More Cat Care Information:

Just like their human owners, domestic pets like cats and dogs also suffer from the adverse health effects of being overweight – or worse, of being morbidly obese.

General Cat Care #1: Before You Bring Your Cat Home
You will need food, food dish, water bowl, interactive toys, brush, comb, safety cat collar, scratching post, litter and litter box.
General Cat Care #2: Feeding
An adult cat should be fed one large or two smaller meals each day. Kittens from 6 to 12 weeks need to be fed four times a day. Kittens from three to six months need to be fed three times a day. You can either feed specific meals, throwing away any leftover canned food after 30 minutes or free-feed dry food (keeping food out all the time).

Feed your cat a high-quality, brand-name kitten or cat food (avoid generic brands) two to three times a day. Kittens can be fed human baby food for a short time if they won’t eat kitten food softened by soaking in warm water. Use turkey or chicken baby food made for children six months and older. Gradually mix with cat food. Cow’s milk is not necessary and can cause diarrhea in kittens and cats. Provide fresh, clean water at all times. Wash and refill water bowls daily.

Obesity in pets affects them in two main ways, namely, decreasing their quality of life and shortening their lifespan. Both pose several difficulties for pet owners including but not limited to the high financial costs for veterinary care, the physical stress of caring for a sick pet and emotional stress when the pet prematurely dies. Indeed, the dangers of pet obesity affect both people and animals.

On one hand, obese pets have a lower quality of life because their existence is marred by disease and illness, which could have been avoided with good nutrition and an exercise program implemented by their owners. Your pets will be unable to enjoy the activities that other pets of their age and breed can, say, running, jumping and playing. For example, your obese Afghan hound will be unable to jump hurdles like he used to.

General Cat Care #3: Grooming
Most cats stay relatively clean and rarely need a bath, but they do need to be brushed or combed. Frequent brushing helps keep your cat’s coat clean, reduces the amount of shedding and cuts down on the incidence of hairballs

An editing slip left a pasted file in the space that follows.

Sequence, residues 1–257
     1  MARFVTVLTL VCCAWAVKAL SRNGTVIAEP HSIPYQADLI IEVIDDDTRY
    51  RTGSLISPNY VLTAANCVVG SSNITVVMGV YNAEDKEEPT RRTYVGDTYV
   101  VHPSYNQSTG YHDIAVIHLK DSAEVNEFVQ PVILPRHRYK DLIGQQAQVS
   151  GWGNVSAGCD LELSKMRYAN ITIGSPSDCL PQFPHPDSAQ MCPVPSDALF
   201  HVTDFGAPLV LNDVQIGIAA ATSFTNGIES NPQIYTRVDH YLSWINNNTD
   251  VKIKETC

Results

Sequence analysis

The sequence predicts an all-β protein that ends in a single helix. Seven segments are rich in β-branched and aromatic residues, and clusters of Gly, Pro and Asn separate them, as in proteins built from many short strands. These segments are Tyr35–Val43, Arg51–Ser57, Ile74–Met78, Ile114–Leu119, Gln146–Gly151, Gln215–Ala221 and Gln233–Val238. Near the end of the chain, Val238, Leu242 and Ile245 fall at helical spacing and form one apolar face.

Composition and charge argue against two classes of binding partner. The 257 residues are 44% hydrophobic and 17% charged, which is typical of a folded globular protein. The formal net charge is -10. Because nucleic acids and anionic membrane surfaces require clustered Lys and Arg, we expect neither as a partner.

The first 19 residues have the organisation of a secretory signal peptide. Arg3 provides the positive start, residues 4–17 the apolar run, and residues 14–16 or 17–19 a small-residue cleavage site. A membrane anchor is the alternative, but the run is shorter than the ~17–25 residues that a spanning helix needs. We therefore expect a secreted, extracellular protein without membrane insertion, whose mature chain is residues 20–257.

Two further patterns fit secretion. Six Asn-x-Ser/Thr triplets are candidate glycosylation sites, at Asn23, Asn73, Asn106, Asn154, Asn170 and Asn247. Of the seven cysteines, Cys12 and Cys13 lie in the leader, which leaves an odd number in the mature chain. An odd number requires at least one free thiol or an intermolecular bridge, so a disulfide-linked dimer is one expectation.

General Cat Care #4: Handling
To pick up your cat, place one hand behind the front legs and another under the hindquarters. Lift gently. Never pick up a cat by the scruff of the neck (behind the ears) or by the front legs without supporting the rear end.
General Cat Care #5: Housing
Cats should have a clean, dry place of their own in the house. Line your cat’s bed with a soft, warm blanket or towel. Be sure to wash the bedding often. Please keep your cat indoors. If your companion animal is allowed outside, he can contract diseases, get ticks or parasites, become lost or get hit by a car, hurt in a fight or poisoned. Also, cats prey on wildlife.

With physical limitations, your pets will be unable to socialize with other animals of their kind. Their mental health and social skills will then be adversely affected, diminishing their quality of life. You will observe noticeable changes in how your pets interact with other animals and with the other members of your household.

Obese pets also have a higher risk of developing a wide variety of chronic degenerative diseases. These illnesses will obviously shorten their lifespan, which any loving owner will want to avoid.

What exactly are these chronic degenerative diseases? You will not be surprised that humans share plenty of these diseases with their pets including:

Diabetes – Obesity leads to increased secretions of insulin because of the increase in blood glucose levels.

Arthritis and other bone and joint diseases – The bones, joints and muscles as well as the tendons and ligaments become damaged because of the excess weight placed on them. Plus, certain canine breeds like Dachshunds are more prone to bone issues because of their physical structure.

Cardiovascular disease – These range from hypertension to congestive heart failure, all of which are caused by fat accumulating inside of blood vessels.

Indeed, the importance of preventing obesity in pets cannot be overemphasized, both for your sake and the sake of your beloved pets.

General Cat Care #6: Identification
If allowed outdoors (again, we caution against it!), your cat needs to wear a safety collar and an ID tag. A safety collar with an elastic panel will allow your cat to break loose if the collar gets caught on something. An ID tag or an implanted microchip can help insure that your cat is returned if he or she becomes lost.
General Cat Care #7: Litter Box
All indoor cats need a litter box, which should be placed in a quiet, accessible location. A bathroom or utility room is a good place for your cat’s box. In a multi-level home, one box per floor is recommended. Avoid moving the box unless absolutely necessary. Then do so slowly, a few inches a day. Cats won’t use a messy, SMELLY litter box. Scoop solids out of the box at least once a day. Dump everything, wash with a mild detergent (don’t use ammonia) and refill at least once a week, less frequently if using clumping litter. Don’t use deodorants or scents in the litter or litter box (especially avoid lemon scent).
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